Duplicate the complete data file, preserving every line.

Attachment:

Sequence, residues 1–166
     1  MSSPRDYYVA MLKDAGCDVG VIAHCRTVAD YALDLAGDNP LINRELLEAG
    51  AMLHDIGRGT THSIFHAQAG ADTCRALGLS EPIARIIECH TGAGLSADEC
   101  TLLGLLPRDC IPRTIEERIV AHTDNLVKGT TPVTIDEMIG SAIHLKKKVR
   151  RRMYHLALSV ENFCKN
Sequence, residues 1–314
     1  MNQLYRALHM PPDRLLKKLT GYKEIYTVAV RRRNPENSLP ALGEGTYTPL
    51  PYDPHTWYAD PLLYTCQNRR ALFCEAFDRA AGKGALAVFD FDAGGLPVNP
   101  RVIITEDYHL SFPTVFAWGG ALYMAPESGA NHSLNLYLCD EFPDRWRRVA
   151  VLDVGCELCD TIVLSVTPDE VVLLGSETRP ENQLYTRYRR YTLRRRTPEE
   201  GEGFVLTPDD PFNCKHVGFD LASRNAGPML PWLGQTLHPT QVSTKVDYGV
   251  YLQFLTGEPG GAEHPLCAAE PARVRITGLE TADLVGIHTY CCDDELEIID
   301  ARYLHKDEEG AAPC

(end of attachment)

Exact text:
Sequence, residues 1–166
     1  MSSPRDYYVA MLKDAGCDVG VIAHCRTVAD YALDLAGDNP LINRELLEAG
    51  AMLHDIGRGT THSIFHAQAG ADTCRALGLS EPIARIIECH TGAGLSADEC
   101  TLLGLLPRDC IPRTIEERIV AHTDNLVKGT TPVTIDEMIG SAIHLKKKVR
   151  RRMYHLALSV ENFCKN
Sequence, residues 1–314
     1  MNQLYRALHM PPDRLLKKLT GYKEIYTVAV RRRNPENSLP ALGEGTYTPL
    51  PYDPHTWYAD PLLYTCQNRR ALFCEAFDRA AGKGALAVFD FDAGGLPVNP
   101  RVIITEDYHL SFPTVFAWGG ALYMAPESGA NHSLNLYLCD EFPDRWRRVA
   151  VLDVGCELCD TIVLSVTPDE VVLLGSETRP ENQLYTRYRR YTLRRRTPEE
   201  GEGFVLTPDD PFNCKHVGFD LASRNAGPML PWLGQTLHPT QVSTKVDYGV
   251  YLQFLTGEPG GAEHPLCAAE PARVRITGLE TADLVGIHTY CCDDELEIID
   301  ARYLHKDEEG AAPC